PROVIDENCE, R.I. [Brown University] — Like sumo wrestlers, two LEGO® robots made their way around an oval ring, grabbing, swatting at each other, and trying with great gusto to push the other robot out of the ring to win the match. Ten young boys — third, fourth, and fifth graders — at the Paul Cuffee Middle School in Providence cheered on their creations, watching in delight as their aggressor responded to pre-programmed commands and light sensors to make their way around the ring in pursuit of the opponent. At each turn, parents and volunteer instructors joined in the cheering at the school’s cafeteria last Friday, July 20th. It was the culmination of a three-week pilot program designed to pique children’s interest in engineering and computer science.
The LEGO® robotic program was a partnership between Brown’s Science Center and the Paul Cuffee Middle School. Ten student participants were divided into two teams — the Panthers and the Demons of Nothingness — and instructed in the finer points of computer programming and engineering using LEGO® robots as the teaching tool. Students used a kit that not only contained LEGO® pieces but robots’ “brains,” which were connected to laptops so students could program the brains to respond to light, touch, ultrasonic, sound, color, temperature, accelerometer, compass, and radio-frequency identification sensors.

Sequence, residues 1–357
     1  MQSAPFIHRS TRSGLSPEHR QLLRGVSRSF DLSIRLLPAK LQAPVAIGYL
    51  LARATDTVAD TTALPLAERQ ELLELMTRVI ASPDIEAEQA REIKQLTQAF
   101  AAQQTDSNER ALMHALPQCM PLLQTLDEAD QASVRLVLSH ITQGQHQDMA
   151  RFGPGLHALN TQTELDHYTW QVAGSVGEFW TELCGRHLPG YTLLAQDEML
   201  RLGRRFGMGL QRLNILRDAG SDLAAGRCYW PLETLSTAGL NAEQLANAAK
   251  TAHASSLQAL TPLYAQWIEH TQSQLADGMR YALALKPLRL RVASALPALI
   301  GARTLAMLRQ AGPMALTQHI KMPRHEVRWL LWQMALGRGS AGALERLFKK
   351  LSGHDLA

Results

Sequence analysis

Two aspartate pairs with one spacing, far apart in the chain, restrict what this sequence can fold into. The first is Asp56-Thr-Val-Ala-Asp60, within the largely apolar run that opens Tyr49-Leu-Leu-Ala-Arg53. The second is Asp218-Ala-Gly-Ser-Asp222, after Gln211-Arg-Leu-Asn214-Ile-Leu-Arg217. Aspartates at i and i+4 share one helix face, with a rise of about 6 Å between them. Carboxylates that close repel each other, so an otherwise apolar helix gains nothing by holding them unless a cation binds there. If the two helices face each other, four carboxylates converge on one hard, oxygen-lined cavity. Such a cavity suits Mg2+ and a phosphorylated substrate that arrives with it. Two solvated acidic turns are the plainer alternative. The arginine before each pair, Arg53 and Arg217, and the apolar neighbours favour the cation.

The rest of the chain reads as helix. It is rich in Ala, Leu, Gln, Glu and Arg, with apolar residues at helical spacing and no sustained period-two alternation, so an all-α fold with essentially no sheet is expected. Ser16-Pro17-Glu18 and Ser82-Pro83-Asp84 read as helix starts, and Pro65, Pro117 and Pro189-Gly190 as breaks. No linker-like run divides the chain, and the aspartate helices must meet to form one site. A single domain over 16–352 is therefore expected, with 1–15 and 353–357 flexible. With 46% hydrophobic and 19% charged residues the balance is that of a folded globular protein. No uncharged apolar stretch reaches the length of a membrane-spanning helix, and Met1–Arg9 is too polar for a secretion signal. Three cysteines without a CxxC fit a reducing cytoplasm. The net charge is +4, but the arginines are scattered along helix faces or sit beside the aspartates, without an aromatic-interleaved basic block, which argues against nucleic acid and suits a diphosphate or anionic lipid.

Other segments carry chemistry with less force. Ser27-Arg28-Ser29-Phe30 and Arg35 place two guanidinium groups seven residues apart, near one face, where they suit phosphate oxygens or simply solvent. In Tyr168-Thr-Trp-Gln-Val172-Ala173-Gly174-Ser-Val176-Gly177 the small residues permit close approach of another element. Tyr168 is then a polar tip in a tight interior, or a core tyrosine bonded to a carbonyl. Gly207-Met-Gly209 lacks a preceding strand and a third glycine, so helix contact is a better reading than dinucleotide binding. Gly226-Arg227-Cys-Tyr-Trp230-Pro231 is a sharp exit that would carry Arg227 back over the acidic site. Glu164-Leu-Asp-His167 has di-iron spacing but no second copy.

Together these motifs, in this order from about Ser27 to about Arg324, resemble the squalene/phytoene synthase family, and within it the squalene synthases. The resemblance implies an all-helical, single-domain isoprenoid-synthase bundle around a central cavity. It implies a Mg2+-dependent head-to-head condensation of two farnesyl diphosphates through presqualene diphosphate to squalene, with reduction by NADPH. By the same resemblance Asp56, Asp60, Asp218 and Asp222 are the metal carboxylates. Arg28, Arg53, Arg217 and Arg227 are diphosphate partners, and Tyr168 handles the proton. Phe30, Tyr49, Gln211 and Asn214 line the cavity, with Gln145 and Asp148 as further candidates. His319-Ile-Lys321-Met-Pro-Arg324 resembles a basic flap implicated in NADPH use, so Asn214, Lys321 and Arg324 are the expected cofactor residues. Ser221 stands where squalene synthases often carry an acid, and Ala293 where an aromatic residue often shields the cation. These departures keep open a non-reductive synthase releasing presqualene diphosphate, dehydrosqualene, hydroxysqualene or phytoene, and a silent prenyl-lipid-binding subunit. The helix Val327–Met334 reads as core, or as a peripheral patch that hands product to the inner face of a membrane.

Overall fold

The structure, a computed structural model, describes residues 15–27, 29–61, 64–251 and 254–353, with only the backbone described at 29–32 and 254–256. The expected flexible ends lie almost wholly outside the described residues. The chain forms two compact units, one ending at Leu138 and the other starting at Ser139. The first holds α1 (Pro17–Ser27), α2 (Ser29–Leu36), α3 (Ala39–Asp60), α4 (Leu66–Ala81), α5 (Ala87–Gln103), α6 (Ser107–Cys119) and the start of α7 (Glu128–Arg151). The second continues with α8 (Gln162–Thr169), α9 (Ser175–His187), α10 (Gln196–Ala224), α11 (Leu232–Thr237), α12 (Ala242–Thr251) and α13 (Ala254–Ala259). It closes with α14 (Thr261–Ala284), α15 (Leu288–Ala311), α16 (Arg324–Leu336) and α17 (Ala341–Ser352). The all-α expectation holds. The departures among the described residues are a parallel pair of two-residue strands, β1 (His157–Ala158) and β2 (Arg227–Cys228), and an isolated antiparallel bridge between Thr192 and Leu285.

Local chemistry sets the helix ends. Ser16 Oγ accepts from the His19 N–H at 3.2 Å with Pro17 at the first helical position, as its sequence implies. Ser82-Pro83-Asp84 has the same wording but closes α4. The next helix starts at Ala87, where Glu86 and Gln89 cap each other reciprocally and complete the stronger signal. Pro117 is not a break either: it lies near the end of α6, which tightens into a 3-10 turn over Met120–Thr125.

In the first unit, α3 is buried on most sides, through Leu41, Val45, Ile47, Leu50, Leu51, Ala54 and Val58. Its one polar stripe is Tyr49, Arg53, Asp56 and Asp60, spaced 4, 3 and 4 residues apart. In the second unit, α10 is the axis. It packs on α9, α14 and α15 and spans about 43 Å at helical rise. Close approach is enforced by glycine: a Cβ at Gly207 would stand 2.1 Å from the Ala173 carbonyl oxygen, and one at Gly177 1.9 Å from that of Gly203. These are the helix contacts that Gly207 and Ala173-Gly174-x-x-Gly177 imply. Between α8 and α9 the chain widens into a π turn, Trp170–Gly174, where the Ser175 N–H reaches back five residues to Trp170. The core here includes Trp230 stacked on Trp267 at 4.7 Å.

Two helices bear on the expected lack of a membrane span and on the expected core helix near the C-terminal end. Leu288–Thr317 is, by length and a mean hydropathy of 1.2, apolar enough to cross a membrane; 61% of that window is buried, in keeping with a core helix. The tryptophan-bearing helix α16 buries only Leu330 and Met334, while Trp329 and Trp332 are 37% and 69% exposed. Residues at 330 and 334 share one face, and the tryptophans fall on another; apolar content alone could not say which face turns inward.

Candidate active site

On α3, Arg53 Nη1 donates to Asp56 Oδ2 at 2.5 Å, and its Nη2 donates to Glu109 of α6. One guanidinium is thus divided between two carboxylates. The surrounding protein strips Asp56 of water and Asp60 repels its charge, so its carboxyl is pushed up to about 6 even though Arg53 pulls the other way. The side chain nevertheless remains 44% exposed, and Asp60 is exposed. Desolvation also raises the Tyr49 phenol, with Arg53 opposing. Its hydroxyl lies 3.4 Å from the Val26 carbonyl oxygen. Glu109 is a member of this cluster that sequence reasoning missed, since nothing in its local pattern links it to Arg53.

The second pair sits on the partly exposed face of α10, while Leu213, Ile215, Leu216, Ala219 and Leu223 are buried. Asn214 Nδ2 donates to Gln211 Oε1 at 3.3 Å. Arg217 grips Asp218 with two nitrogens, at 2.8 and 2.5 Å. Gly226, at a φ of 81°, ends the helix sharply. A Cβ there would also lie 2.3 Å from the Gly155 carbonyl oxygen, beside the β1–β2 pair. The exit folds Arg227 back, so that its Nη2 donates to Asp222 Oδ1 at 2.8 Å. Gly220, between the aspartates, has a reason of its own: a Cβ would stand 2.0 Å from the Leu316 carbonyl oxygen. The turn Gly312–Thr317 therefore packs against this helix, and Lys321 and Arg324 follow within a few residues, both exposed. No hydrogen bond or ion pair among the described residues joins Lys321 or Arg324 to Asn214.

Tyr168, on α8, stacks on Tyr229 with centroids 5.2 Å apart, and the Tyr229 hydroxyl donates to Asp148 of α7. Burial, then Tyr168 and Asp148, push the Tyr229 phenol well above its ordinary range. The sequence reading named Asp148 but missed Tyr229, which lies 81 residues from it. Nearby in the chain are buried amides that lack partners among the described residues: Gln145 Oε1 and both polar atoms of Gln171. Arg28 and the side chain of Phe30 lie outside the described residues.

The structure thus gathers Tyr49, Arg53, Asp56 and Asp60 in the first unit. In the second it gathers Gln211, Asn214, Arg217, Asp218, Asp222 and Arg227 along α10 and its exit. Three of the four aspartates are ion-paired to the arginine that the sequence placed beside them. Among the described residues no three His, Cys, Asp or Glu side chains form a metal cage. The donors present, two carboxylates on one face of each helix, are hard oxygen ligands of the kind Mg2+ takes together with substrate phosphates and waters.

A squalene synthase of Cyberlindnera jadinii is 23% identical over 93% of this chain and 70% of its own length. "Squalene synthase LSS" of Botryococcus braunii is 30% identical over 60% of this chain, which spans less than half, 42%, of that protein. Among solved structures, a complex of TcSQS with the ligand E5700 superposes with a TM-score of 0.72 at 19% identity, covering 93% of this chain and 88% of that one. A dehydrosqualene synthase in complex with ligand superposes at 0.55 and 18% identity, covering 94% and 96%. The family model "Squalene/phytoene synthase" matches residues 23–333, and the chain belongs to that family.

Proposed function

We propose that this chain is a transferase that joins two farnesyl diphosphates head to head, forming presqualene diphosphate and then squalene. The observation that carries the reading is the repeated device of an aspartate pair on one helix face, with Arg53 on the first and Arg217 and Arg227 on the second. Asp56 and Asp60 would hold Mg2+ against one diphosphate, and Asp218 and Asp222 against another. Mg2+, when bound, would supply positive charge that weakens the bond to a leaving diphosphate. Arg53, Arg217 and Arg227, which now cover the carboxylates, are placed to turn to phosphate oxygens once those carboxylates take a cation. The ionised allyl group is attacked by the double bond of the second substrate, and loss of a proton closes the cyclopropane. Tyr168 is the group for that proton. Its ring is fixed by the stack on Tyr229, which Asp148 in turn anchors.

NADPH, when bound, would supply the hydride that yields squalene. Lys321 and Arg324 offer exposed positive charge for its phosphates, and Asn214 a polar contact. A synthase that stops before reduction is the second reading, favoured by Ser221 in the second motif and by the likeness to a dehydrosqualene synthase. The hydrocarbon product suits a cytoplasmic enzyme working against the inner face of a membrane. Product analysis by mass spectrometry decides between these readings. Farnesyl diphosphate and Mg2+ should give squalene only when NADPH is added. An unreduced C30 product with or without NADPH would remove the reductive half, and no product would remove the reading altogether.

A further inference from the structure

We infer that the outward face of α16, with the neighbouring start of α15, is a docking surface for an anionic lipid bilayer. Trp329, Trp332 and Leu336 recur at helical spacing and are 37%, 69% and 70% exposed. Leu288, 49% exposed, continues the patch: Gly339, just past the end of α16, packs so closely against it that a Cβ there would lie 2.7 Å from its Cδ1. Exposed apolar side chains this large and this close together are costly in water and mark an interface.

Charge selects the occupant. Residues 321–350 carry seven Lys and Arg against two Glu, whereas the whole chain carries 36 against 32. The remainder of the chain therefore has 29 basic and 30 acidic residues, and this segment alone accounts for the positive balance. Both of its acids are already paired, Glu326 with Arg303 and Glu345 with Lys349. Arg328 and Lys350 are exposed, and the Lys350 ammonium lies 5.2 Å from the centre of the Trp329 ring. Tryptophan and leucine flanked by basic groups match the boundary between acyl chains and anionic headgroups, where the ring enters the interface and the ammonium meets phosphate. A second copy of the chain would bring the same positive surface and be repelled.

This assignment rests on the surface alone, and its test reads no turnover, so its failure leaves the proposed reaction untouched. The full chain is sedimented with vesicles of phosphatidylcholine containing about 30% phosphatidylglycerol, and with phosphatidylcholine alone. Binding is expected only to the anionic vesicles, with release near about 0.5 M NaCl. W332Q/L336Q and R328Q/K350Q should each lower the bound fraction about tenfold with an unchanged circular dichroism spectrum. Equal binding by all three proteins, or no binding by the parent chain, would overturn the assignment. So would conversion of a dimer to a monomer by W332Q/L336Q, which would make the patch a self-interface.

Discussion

Brown students Mike Lazos, a computer engineering concentrator, and Raymon Baek, whose concentration is in mechanical engineering, helped the students design, build and program robots for four hours every day during the three-week summer program. According to instructor Baek the program was a tremendous success.
“The kids were very bright and went beyond our expectations,” Baek said. “We always finished the planned curriculum a lot quicker than expected, which kept Mike and me improvising to stay ahead of the students.”
The students used visual programming software with easily readable icons and distinct colors for each type of tile. For example, movement tiles would tell the robot to move and sensor tiles would tell the program to rely on a specific sensor. The program used wait statements (e.g., wait for a certain sound level or touch sensor to be activated), switch statements (e.g., if the light sensor detects a dark area, move right; move left for a bright area), and loops. These commands made it possible for the robots to compete in the sumo wrestling challenge and an obstacle course.
The students had to be creative about using sensors to follow a zigzag path through the obstacle course, navigating through various boxes, capturing colored balls from a central area, and bringing them back to their starting points. The Panthers easily won the obstacle course because they built a robot that had a robotic arm that pulled nearly all the balls back to its starting point in one trial.
As for the battle arena, the Demons of Nothingness won because their robot was very bulky and stable. “Mike and I decided to surprise them by introducing our own robot that we assumed was invincible,” said Baek. “We had the three robots fight it out in the ring. To our surprise, our robot was pushed out of the ring and the Demons of Nothingness reigned victorious.”
During the three-week program, the instructors gained some insight about the challenges of teaching. “The boys loved to build, but the programming, which required them to sit still and concentrate was a challenge. They need to get up and run around every so often to burn off some energy,” said Baek.
In this pilot effort, all participants including the students, teachers, learning concept, and execution proved to be a perfect match.